Home to the Maitland Family for over 400 Years

One of the most extensive family portrait collections in Scotland

17th century Dunsterfield gold gilded plasterwork ceilings

Thirlestane Castle

Nestled in the gentle Border hills, with its rose-pink sandstone and fairy tale turrets, Thirlestane Castle holds a uniquely important place in Scottish history. It is one of the oldest and finest inhabited castles in the land and stands at a vital strategic point, enroute to the heart of Scotland. 

For more than seven hundred years there has been a fortification here in the Leader Valley, guarding Edinburgh from the southern invaders. The Maitlands, one of the most influential families of the time, are the most recent occupants and have lived here since 1590.

The main part of the castle and its collections are now owned by a Charitable Trust and every penny from admissions, events and accommodation goes into making sure this historic building and its collections can be enjoyed for generations to come.

HOME TO THE MAITLAND FAMILY FOR OVER 400 YEARS

A Family Home

Thirlestane Castle has been in the care of the Maitland family for over 400 years, passed through the generations. Listen to Gerald Maitland-Carew talking about the Maitland family portrait collection and about tracing your Maitland family history.

A Brief History

  • 1590

    Rectangular five story tower house, complete with battlements, built overlooking Leader Water

    John Maitland, Chancellor of Scotland under James VI, was ennobled as Lord Maitland of Thirlestane and moved from his original home to the castle, to build himself a new keep. The castle, augmented with towers at each corner, overlooks the Leader Water.

  • 1670-1676

    Sir William Bruce rebuilds the 16th Century castle in a grand style

    John Maitland, the first Duke of Lauderdale, tasked the architect Sir William Bruce to develop the 16th Century house. These developments included the embellishment of the corner towers, the construction of the North and South Wings, as well as the platform between the two and the staircase approach. In addition, there were extensive modifications indoors including the grand staircase and lavish state rooms with magnificent plaster ceilings.

  • 1840

    The Ninth Earl extends the castle

    The Ninth Earl, a batchelor, felt that the castle he inherited was too small for him to entertain his guests, so he extended the wings in granite rather than sandstone. The South Wing included a courtyard, carriage house, stables and servants’ quarters.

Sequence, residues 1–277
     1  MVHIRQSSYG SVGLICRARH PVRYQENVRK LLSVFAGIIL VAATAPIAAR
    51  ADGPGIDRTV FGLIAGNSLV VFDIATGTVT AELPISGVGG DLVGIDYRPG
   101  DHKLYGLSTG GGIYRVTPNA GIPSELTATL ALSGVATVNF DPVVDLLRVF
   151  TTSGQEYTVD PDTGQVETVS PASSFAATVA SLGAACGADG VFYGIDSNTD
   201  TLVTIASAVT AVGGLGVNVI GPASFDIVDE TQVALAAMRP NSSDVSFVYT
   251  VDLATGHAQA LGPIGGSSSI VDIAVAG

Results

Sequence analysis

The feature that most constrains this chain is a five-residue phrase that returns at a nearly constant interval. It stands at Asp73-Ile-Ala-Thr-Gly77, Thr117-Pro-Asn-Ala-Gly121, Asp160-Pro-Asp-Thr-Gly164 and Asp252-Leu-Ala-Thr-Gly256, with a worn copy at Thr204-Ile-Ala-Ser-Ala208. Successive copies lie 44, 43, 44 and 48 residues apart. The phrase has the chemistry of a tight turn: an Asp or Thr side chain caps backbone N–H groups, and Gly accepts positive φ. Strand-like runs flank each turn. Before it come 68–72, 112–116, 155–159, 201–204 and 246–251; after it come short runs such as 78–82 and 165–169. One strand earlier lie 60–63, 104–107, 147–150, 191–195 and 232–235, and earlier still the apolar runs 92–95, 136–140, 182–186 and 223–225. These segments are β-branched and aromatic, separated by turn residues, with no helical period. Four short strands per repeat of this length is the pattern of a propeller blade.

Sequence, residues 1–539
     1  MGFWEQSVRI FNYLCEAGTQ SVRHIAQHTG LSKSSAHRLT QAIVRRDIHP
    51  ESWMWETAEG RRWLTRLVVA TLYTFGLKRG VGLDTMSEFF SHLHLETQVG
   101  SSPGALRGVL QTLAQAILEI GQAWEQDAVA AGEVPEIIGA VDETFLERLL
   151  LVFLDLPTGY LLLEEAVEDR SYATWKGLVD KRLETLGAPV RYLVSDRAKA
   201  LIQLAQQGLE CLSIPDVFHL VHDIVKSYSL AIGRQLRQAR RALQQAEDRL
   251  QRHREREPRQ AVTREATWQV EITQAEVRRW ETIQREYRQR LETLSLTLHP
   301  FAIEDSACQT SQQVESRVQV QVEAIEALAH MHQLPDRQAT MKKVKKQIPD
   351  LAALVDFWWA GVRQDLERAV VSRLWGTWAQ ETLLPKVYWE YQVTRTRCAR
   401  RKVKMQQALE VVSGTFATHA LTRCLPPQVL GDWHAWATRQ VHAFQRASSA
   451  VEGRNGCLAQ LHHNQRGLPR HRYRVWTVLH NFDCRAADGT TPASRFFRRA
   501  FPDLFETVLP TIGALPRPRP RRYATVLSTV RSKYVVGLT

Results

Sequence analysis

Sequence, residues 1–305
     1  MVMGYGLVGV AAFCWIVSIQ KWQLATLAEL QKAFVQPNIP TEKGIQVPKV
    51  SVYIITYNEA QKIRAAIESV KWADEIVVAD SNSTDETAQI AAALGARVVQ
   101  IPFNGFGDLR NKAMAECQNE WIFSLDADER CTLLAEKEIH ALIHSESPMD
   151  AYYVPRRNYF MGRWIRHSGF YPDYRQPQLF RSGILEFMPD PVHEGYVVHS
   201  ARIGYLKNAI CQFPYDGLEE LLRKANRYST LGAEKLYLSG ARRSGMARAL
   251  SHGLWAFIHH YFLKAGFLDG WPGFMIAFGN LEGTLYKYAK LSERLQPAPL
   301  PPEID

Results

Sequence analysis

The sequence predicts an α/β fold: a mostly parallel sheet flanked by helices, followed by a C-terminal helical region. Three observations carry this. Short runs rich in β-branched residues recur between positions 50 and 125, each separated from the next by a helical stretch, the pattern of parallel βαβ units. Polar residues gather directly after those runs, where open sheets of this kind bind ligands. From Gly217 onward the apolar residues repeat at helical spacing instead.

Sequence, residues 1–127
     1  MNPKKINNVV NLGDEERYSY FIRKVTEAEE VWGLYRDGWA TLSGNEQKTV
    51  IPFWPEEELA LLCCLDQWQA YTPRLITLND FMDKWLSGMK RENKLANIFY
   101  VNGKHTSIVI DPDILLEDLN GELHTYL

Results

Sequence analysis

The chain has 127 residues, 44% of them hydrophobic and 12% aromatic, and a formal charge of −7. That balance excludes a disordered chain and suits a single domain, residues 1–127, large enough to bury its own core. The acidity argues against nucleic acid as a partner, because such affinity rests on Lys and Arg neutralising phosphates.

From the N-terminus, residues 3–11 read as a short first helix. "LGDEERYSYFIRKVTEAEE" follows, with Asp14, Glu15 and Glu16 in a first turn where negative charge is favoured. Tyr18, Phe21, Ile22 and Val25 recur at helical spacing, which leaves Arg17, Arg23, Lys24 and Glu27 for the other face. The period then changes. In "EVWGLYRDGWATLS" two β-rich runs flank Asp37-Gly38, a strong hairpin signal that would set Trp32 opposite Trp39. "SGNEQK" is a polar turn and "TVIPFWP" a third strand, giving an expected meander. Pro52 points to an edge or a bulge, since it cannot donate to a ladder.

• 1912

    Military History

    During both world wars, Thirlestane Castle played its part in serving the country. During the First World War, the castle was used as a military hospital for convalescing officers. In the Second World War, it became home to the girls from St Hilary’s School in Edinburgh.

  • 1984

    The castle opens to the public

    Gerald Maitland-Carew, grandson of the 15th Earl of Lauderdale, inherited the castle from his grandmother. He found the castle in a very poor state, which required several years of fundraising and redecorating before he opened the castle to the public for the first time - one of the first historic houses to do so. In 2012, Edward and Sarah Maitland-Carew moved to the castle and after another huge renovation following several outbreaks of dry rot, they re-launched the castle as a destination for weddings, events and exclusive hire.

The History of Thirlestane Castle and the Maitland Family

The history of the current Thirlestane Castle dates back to at least the 13th Century, when a large border fort was built on the site to defend the approach to Edinburgh from the south. The central part of the present castle was completed in 1590, remodeled in the 1670s and then extended in the 1840s.

Throughout its long history, Thirlestane has belonged to the Maitland family, one of the most prominent families in Scotland. The Maitlands came to Britain from France with William the Conqueror in 1066 and settled in Northumberland. In around 1250, Sir Richard Maitland married Avicia, the daughter and heiress of Thomas du Thirlestane. It was this marriage that bought the lands of Thirlestane into the ownership of the Maitland family. The ruined remains of the original Thirlestane Castle can be seen two miles south east of today’s castle, just off the A697.

Through military service and their contribution to law and the arts, the Maitlands gained increasing influence and power. In 1590, John Maitland became Lord Chancellor to King James VI. His elder brother, Sir William Maitland, had previously served as secretary to Mary, Queen of Scots.

For more information on Thirlestane Castle and the Maitland family, see links below:

Additional Resources and Products

Researching your own family history

Learn more about Thirlestane Castle & Clan Maitland

Thirlestane Castle Trust

Hear Robbie Hunter, Thirlestane Castle Trust Trustee, talk about future plans for Thirlestane Castle.

Edward Maitland-Carew, Family Trustee

A welcome from Edward Maitland-Carew who resides at Thirlestane Castle, which has been home to his family for over 400 years.

Clan Maitland

Greetings from the North American Clan Maitland Society.

HELP TO SAFEGUARD THE CASTLE’S COLLECTIONS

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To safeguard Thirlestane Castle and our collections, which together tell the story of a place and a family that have played an important part in the history and development of Scotland, is a continuous challenge. You can help support our work to bring this important story to current and future generations. Making a gift could not be easier, to make a one-off donation or to set up a regular gift, please click on the button below:

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